In a stunning confirmation of the deep divisions within the “Republican” party, the newly installed GOP majority in the U.S. House of Representatives failed to elect a new leader on the first three ballots.
The historic setbacks marked only the second time since the War Between the States that a ruling party in the House failed to nominate a leader on the first ballot. As a result, the GOP will have to wait until it can muster sufficient support for a speaker candidate before its members can begin acting as a check against the administration of Joe Biden and the Democratic-controlled U.S. Senate.
Also, expect Democrats to seize upon the divisions within the party in the hopes of checking that “check.”
On the first ballot, nineteen GOP members voted against the speakership of Kevin McCarthy – a California moderate who has spent the past four years as minority leader in a Democratic-controlled House. The defections left McCarthy fifteen votes shy of the majority he needed to secure this post.
A second vote was held shortly thereafter following an impassioned floor speech from conservative lawmaker Jim Jordan of Ohio – who received six votes on the first ballot.
“I think Kevin McCarthy is the right guy to lead us,” Jordan said. “I really do, or I wouldn’t be standing up here giving this speech.”
Once again, though, McCarthy came up short on the second ballot – losing nineteen GOP members and falling fifteen votes shy of his goal. This time, all nineteen defectors voted for Jordan.
“I think it’s going to be increasingly clear that he’s not going to be speaker,” Bob Good of Virginia told reporters after the second vote. “We will never cave.”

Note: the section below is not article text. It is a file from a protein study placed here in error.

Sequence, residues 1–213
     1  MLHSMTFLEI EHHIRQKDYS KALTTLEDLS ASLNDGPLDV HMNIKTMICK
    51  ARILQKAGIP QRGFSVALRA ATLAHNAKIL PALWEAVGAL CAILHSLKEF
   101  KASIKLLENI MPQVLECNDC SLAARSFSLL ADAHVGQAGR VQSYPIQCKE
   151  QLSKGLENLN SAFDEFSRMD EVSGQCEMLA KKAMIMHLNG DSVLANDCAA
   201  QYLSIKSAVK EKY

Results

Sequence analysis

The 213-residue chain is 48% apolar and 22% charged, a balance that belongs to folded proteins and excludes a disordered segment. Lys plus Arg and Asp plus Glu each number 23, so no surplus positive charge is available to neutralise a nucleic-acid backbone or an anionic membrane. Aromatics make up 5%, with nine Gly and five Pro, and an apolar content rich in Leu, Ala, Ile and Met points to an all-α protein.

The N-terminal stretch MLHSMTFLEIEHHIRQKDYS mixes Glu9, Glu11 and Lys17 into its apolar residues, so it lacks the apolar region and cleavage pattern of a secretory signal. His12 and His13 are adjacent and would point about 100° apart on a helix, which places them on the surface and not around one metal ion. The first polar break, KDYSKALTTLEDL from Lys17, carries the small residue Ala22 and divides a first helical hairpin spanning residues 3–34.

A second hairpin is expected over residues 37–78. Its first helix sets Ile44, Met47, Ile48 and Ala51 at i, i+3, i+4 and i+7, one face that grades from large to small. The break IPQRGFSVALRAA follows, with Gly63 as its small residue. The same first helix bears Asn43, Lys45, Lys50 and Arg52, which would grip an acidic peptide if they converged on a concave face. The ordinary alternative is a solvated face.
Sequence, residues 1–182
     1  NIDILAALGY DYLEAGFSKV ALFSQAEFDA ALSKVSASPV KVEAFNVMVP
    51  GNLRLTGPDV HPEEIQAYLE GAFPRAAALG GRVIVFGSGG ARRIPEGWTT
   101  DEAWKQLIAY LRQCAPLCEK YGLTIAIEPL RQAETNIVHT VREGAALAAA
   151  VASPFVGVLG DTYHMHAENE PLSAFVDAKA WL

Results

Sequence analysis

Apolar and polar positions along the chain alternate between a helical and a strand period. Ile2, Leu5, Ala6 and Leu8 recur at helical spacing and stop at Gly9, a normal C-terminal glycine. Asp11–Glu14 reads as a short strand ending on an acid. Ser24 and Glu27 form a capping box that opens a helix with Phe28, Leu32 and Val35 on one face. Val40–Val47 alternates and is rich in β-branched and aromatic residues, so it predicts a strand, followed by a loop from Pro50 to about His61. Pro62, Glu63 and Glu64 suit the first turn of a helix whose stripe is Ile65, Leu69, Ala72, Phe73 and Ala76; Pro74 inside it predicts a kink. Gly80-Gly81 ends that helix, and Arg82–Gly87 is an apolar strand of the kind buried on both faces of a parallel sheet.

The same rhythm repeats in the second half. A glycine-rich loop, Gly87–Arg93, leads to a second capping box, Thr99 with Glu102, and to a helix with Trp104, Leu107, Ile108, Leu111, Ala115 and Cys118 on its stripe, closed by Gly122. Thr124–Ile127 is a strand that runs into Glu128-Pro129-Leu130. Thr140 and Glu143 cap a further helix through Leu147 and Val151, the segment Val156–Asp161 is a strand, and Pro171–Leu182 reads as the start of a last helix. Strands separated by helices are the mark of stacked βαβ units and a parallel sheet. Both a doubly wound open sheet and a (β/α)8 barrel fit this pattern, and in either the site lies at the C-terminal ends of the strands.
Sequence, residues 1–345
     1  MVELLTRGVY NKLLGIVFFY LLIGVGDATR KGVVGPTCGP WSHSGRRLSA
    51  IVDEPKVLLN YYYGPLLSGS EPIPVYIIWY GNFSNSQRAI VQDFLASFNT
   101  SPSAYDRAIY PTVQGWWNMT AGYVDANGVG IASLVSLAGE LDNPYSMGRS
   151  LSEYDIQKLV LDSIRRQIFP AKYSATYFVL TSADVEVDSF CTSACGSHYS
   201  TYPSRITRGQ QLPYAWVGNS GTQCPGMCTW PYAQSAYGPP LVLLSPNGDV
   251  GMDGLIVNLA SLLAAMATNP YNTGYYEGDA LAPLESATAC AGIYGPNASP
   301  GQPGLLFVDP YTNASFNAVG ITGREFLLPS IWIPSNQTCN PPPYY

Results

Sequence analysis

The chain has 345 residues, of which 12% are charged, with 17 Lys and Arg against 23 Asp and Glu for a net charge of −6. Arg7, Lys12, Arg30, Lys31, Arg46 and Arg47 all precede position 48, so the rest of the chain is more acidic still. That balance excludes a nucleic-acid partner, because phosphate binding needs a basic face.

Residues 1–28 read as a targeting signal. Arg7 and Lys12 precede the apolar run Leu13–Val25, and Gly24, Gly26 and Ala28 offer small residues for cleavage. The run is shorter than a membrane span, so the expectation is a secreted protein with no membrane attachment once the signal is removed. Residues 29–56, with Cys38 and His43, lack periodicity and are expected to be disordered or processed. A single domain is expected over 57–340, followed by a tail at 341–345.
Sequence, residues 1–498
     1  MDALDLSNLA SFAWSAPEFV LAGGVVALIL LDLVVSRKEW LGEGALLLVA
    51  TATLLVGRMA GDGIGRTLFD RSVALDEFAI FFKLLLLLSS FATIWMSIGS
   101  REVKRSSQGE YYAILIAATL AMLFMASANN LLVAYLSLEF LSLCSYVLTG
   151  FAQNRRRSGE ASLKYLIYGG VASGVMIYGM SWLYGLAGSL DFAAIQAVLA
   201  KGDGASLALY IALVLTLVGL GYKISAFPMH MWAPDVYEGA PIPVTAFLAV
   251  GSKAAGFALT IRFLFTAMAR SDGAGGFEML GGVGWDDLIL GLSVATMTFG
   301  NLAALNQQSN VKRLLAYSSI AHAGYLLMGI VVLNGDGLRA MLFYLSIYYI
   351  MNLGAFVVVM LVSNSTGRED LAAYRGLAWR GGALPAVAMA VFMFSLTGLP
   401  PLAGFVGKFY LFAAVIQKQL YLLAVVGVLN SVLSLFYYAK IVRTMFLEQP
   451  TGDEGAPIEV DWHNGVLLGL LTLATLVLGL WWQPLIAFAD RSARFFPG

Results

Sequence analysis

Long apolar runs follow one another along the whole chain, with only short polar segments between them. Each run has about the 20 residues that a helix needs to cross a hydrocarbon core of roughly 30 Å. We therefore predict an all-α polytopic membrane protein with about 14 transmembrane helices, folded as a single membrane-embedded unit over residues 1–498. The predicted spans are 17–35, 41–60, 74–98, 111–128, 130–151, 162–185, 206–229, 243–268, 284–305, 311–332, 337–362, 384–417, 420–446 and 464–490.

McCarthy made it clear he had no intention of caving, either.
“We have certain members right now who think they can use a small majority to get themselves the gavel,” he told reporters. “That’s not how it works.”
Is it, though?
By the time the third ballot was counted, McCarthy was clearly losing momentum – with 20 defectors now voting against his bid. Second-term congressman Byron Donalds of Florida joined the nineteen GOP members who opposed McCarthy on the first two ballots.
“Republicans” hold 222 seats following the 2022 elections – in which an expected “red wave” failed to materialize. Democrats hold 212 seats but are expected to pick up one additional seat after a February 21 special election to fill the Virginia seat vacated by the November 28, 2022 passing of Donald McEachin.
All but one member of the South Carolina GOP congressional delegation – fifth district congressman Ralph Norman of Rock Hill, S.C. – voted for McCarthy on both of the first two ballots.
Norman previously told his colleagues he would “vote for Mickey Mouse” before he voted for McCarthy.
Why does this matter?
Well, nothing can happen in the U.S. House of Representatives during the 118th Congress until a new speaker is chosen. That includes new members – including South Carolina seventh district representative-elect Russell Fry – being sworn in.
The scene that unfolded in Washington, D.C. on Tuesday had not happened since 1923 – when it took nine votes for the U.S. House to elect Massachusetts Republican Frederick Huntington Gillett as speaker.
ABOUT THE AUTHOR …
Will Folks is the founding editor of the news outlet you are currently reading. Prior to founding FITSNews, he served as press secretary to the governor of South Carolina. He lives in the Midlands region of the state with his wife and seven children. And yes, he has an incredible hat collection including that Tampa Bay Rays sunburst batting practice lid.
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